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Pennsylvania Supreme Court Strikes Green Party Presidential Ticket From Ballot

Giving Democrats a win in the critical battleground state of Pennsylvania, the state Supreme Court ruled Thursday that a Green Party presidential candidate will not be listed on the Commonwealth’s ballots in November.

(CN) — Giving Democrats a win in the critical battleground state of Pennsylvania, the state Supreme Court ruled Thursday that a Green Party presidential candidate will not be listed on the Commonwealth’s ballots in November.

The ruling could lead left-leaning, otherwise Green Party voters, to throw their votes to Democratic presidential nominee Joe Biden in his race against President Donald Trump, and those votes could be enough to make a critical difference. 

During the 2016 election, Green Party presidential candidate Jill Stein received around 50,000 votes in the state — a little more than the roughly 44,000 votes Trump held over his opponent Hillary Clinton. The 2016 race between Trump and Clinton was tight. Ultimately, Trump won the state against Clinton by less than a percentage point.

Democrats have problems with the Green Party’s paperwork to thank for the party’s presidential candidate being booted off the ballot, as well as a last-minute nomination change.

“[T]he procedures for nominating a candidate for office by nomination papers were not strictly followed,” the state Supreme Court ruled in a 5-2 vote. 

Pittsburgh attorney Clifford Levine, who did not immediately return a request for comment Thursday, filed the legal challenge last month. He represented two Democrats: Paul Stefano, chair of the Lawrence County Democratic Party, and Tony Thomas, a 2019 Wilkes-Barre City Council candidate. The case delayed Pennsylvania counties from beginning to print and mail ballots for the November election. 

The suit centered around actions taken in August when the Green Party filed nominating petitions for Elizabeth Faye Scroggin for president and Neal Taylor Gale for vice president and then promptly switched gears, attempting to replace the candidates with retired New York teamster Howie Hawkins and Angela Walker, a South Carolina labor activist.

The challenge noted that the Green Party failed to file a candidate affidavit to replace Gale, the original vice presidential nominee, in line with Pennsylvania law.

Additionally, while Scrogin faxed her affidavit to the Pennsylvania Department of State, her nomination paperwork was lacking because the state requires an original affidavit copy, not a facsimile, to be submitted.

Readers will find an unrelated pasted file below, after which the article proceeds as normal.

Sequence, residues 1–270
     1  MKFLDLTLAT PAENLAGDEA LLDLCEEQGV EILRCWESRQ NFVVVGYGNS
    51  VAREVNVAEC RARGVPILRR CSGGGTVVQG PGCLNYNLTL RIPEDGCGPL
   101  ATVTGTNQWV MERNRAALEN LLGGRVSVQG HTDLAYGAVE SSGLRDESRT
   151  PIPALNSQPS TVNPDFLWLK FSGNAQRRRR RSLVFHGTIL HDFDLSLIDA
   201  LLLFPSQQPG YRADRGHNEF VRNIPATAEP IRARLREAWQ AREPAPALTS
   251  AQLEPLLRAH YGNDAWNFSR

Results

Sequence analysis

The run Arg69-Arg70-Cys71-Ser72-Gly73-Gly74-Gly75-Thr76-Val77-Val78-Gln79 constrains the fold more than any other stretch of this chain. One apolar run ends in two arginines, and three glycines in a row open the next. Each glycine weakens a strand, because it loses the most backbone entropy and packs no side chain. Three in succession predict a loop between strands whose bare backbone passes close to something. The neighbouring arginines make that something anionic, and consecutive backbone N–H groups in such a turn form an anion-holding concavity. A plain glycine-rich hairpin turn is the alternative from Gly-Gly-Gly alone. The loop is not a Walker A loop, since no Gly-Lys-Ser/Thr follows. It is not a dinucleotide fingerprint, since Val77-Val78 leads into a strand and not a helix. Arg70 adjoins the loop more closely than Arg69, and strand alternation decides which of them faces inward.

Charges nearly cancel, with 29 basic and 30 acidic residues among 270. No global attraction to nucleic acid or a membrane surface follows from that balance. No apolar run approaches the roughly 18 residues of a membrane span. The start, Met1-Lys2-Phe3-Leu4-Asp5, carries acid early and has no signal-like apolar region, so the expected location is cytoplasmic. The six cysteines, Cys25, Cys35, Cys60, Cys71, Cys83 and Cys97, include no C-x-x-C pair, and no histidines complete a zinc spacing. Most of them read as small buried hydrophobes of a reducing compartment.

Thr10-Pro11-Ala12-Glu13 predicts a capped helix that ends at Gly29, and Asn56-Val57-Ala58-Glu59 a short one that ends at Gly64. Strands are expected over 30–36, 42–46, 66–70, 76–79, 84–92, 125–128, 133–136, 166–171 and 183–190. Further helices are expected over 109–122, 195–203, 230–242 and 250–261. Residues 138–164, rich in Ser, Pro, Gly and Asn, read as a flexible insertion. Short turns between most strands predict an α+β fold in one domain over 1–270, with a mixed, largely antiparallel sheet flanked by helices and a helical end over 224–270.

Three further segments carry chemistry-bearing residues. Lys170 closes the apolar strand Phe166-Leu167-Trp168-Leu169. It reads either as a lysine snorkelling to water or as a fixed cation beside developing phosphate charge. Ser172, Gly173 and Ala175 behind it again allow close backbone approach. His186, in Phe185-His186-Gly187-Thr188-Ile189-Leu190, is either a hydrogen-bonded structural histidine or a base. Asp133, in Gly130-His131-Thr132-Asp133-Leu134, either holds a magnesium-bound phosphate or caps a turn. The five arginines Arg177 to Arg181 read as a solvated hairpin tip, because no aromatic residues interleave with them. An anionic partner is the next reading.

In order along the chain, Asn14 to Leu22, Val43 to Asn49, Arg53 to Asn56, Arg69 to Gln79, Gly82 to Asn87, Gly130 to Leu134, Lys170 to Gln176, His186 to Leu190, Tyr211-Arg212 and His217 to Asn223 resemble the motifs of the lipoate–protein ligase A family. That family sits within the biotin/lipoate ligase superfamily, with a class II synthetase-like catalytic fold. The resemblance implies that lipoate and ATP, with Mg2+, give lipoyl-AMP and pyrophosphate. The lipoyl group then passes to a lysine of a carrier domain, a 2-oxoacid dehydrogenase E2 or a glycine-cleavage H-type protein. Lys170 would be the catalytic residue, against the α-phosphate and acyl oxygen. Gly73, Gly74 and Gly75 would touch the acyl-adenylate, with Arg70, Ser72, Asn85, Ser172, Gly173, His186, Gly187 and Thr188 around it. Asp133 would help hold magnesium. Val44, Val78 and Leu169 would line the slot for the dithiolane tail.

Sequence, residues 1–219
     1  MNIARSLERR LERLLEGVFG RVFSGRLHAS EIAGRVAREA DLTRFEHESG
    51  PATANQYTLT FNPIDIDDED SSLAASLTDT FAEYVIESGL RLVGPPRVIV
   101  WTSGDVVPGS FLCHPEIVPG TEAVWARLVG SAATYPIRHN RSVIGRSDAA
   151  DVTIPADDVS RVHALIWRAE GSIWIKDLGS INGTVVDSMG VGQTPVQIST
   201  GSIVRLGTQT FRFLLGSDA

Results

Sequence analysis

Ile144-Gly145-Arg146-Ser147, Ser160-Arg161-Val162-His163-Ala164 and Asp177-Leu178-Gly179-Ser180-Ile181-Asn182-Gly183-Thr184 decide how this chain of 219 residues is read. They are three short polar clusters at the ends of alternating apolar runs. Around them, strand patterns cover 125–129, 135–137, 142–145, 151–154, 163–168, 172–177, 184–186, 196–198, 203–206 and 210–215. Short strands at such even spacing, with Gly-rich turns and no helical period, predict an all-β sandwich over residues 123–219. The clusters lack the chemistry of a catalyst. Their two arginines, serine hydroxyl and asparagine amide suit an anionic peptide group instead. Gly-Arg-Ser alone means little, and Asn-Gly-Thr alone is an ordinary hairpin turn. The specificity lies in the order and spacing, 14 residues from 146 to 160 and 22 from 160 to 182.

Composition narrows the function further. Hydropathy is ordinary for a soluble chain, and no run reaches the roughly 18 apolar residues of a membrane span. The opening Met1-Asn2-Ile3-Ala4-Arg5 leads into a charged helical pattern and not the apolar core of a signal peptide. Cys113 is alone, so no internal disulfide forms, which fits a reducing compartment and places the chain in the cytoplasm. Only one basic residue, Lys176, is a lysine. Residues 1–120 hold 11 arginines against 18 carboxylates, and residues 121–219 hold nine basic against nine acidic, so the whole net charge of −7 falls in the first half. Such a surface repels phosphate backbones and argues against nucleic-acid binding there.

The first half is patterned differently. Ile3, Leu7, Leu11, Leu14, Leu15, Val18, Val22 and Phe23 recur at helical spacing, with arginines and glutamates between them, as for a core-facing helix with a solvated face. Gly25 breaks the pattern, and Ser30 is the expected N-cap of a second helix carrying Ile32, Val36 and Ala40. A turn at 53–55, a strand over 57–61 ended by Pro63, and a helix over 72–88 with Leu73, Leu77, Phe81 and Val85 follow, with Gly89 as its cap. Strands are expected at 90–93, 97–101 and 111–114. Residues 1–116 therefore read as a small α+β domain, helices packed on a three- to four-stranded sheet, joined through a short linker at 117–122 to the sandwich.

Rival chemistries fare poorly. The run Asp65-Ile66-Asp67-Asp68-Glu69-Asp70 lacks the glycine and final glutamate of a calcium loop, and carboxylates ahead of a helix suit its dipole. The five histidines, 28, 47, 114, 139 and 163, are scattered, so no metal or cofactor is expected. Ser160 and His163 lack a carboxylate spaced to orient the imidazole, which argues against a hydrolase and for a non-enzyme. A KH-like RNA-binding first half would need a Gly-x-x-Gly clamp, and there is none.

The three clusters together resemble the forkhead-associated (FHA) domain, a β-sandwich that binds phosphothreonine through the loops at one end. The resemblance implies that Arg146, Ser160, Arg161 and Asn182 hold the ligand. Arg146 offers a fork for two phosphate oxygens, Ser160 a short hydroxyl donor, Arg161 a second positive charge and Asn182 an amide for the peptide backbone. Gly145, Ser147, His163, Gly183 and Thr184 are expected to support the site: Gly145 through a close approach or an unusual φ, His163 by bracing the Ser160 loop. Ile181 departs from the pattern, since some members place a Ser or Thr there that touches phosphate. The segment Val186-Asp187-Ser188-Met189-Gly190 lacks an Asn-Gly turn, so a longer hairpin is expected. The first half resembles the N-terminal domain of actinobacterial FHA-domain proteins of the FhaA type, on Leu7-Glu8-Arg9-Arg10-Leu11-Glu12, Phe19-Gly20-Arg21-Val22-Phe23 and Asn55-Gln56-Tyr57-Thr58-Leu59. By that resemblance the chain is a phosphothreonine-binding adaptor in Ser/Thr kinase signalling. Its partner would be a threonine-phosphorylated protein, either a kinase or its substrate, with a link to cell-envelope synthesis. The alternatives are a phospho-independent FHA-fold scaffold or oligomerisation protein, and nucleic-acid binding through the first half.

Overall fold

The Supreme Court agreed Thursday, noting that because of this error, she “could not be considered the Green Party’s duly nominated candidate for President.” This opinion reversed a split-ruling by Commonwealth Court Judge J. Andrew Crompton filed last week, which allowed Hawkins to stay on the ballot but removed his vice presidential running mate.

“Scroggin failed to comply with the Election Code’s strict mandate that she append an original affidavit to her nomination paper, and the party’s use of Hawkins’ affidavit while presenting a nomination paper in which he was not ‘named therein’ did not suffice to cure that error,” the state supreme court wrote in its 28-page ruling. “That defect was fatal to Scroggin’s nomination and, therefore, to Hawkins’ substitution.”

In a statement Thursday, Alan Smith, co-chair of Green Party Pennsylvania, expressed his dismay with the final verdict.

"All the hard work we did, being forced to petition during a pandemic, risking our lives and the lives of others, over 30 volunteers painstakingly reviewing our petitions line by line, thousands of dollars spent in lawyers fees, and the courts still manage to kick two of our candidates off the ballot — one of them a queer, working-class, Black woman,” Smith said in reference to Walker. “The extensive bureaucratic processes to run for office or even get on the ballot are designed to keep everyday people disempowered and discouraged.”

He continued, saying that a truly representative democracy must eliminate these voter suppression techniques. 

“As it stands now there is no integrity to our elections,” Smith said. “They are fraudulent." 

In another ruling Thursday that could also prove advantageous to Biden’s campaign, the Pennsylvania Supreme Court extended the deadline for mail-in ballots. 

According to the 63-page opinion, penned by Justice Max Baer, ballots postmarked Nov. 3 will be counted as long as they are received by 5 p.m. the Friday following the election. Ballots missing postmarks or with illegible postmarks will also be counted, the court said, as long as there is no indication they were sent after Election Day.

The move, which could allow for tens of thousands of extra votes to be counted in Pennsylvania, is expected to upset Republicans, who have argued that all votes should be received by Election Day. The ruling also said state election law permits counties to use mail-in ballot drop boxes and denied a request from President Donald Trump’s campaign that would allow poll watchers to watch polls in counties where they are not registered to vote, a tactic the campaign argued would help prevent voter fraud.

“While Respondent asserts the greater need for poll watchers because of heightened election fraud involving mail-in voting, these claims are unsubstantiated,” the court wrote.

Democratic Pennsylvania Attorney General Josh Shapiro expressed his satisfaction with the ruling Thursday.

“With 47 days left to vote, today's ruling by the PA Supreme Court gives the people of Pennsylvania exactly what they have been searching for — confidence in our voting process,” Pennsylvania Attorney General Josh Shapiro said in a tweet. “Confidence that if they place their ballot in a drop box, it will be counted.”

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